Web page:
Faced with such recurrent plot lines in “the EU-runs-amok” and “the EU-needs-you” genre, many (rightfully) read them as a dilemma between opting out to escape the clutches of an ill-fated union, and staying put to ensure that the European project has the legs to run with a little help from its members. This sense of ambivalence towards Europe, not as a geographical entity but as a political enterprise, expresses both admiration as well as misgivings, especially in countries, like the UK, who have historically displayed a sense of remove from and reluctance towards the possibility of “an ever closer union” with its European partners. Such discontent with “the Continent” could be described as “the Bolingbroke syndrome”, where much like the character from Shakespeare’s Richard II, anything distinct from the British Isles is treated unenthusiastically at best.
This disjointedness however leads to distortions and confusions, the most important of which being the tendency to blame any political dissatisfaction on the EU and treat it as specific to it, when its roots may be closer to home that we care to admit. Such a sullen attitude reeks of hypocrisy, demonstrates our short-sightedness, and exposes our prejudices, making us rather unpleasant allies. Armed with a pre-packaged suspicion of the EU we appear so eager to nod approvingly at any remark that disparages it, displaying a “me-first” ethos, and a lack of vision for a union of which we are members. In doing so we allow nationalist vendettas to sully our relationship with our fellow-members, clinging to some peculiar notion of exceptionalism which reminds the world how different we are compared to everybody else, without perhaps realising how cocooned we are in our mental fortresses.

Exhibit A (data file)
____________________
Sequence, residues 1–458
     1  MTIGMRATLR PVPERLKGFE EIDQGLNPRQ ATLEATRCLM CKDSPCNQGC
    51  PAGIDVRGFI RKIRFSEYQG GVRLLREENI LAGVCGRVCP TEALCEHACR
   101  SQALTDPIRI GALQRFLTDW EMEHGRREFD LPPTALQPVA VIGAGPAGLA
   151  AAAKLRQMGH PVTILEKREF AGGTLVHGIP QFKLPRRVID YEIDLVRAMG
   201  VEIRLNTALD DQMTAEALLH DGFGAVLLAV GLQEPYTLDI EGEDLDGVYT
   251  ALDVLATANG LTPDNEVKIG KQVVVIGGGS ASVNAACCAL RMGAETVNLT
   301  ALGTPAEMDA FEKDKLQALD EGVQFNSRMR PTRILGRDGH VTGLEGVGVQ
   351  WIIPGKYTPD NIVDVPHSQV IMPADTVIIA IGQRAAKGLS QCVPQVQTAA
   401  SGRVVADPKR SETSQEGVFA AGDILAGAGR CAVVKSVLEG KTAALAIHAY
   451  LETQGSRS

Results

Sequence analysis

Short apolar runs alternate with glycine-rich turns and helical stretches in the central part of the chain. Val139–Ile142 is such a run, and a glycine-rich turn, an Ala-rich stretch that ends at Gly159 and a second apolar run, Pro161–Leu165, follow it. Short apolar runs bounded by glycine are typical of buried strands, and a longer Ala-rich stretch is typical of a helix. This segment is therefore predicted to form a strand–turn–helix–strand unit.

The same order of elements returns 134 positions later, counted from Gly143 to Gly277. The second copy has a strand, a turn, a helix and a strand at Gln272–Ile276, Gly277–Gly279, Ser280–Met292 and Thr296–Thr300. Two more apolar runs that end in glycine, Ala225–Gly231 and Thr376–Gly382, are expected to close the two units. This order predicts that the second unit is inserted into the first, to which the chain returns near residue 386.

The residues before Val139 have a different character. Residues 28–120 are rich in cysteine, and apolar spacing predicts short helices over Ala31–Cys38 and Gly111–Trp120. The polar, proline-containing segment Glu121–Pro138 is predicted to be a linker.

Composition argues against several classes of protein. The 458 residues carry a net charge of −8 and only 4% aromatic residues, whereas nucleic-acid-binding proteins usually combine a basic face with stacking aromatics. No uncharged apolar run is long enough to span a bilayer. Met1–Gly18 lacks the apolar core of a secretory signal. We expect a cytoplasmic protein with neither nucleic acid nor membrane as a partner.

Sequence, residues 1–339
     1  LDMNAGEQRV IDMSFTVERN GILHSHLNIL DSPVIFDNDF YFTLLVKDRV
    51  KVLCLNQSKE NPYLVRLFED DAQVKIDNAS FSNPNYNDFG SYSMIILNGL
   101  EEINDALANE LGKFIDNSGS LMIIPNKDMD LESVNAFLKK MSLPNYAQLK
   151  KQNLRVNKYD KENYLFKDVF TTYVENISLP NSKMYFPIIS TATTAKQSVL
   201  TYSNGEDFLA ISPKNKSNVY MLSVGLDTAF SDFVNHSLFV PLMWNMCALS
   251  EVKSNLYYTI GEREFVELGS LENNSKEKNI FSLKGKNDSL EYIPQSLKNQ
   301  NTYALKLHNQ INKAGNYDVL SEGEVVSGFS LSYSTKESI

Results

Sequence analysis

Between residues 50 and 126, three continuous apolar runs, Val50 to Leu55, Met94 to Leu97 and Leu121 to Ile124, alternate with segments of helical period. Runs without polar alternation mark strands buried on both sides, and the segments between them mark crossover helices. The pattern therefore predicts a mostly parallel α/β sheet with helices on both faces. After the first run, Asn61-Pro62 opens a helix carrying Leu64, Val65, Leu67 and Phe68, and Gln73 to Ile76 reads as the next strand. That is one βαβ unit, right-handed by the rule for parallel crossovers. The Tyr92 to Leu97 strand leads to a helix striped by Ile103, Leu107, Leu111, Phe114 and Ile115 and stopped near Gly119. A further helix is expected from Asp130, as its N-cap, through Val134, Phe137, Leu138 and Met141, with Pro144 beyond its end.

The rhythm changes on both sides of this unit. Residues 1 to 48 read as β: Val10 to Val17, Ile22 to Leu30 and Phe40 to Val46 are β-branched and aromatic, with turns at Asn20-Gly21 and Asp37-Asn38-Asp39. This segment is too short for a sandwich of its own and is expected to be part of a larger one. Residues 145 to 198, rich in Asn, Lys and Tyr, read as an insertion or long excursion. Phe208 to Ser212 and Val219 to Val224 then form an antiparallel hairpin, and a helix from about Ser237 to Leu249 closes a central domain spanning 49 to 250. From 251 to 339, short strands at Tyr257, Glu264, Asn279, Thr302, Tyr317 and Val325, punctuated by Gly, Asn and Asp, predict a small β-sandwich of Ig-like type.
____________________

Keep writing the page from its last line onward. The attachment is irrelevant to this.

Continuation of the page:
Such attitudes do not only encourage divisiveness and polarisation, and cultivate alarmism and escapism, but also turn our attention away from home-grown problems. Faceless bureaucrats do not exclusively reside in Brussels but can be found in Westminster and Whitehall too, political representation and democratic accountability is a problem here as much as it is elsewhere, especially if one thinks of the current electoral system or such hangovers from the past like the unelected House of Lords. Even if these are dismissed as negligible footnotes in comparison to the “European superstate”, concerns about the future of public funding, aggressive anti-immigration policies and tactics, and calls to replace the Human Rights Act with an English Bill of Rights should raise an eyebrow or two, especially when all the above are entrusted to the hands of the present government.
Pursuing national interests sounds sensible, if not the “right” thing to do, but we might be taking a very narrow view of it often mistaking sovereignty for power, and union with uniformity, in a world where wealth creation (via economic opportunity), social cohesion (via civil society), and political freedom (via legislation) press against the limits of “the nation”. The choice then is between remaining in a union which changes as it develops, or leave when we might be most needed as Brits of the Continent, and parts of the main.
Dr Lambros Fatsis is Lecturer in Sociology and Criminology at the University of Southampton. This article was written in preparation for the Free University Brighton’s forthcoming EU referendum discussion at the Brighton Dome
Categories: Rethinking The World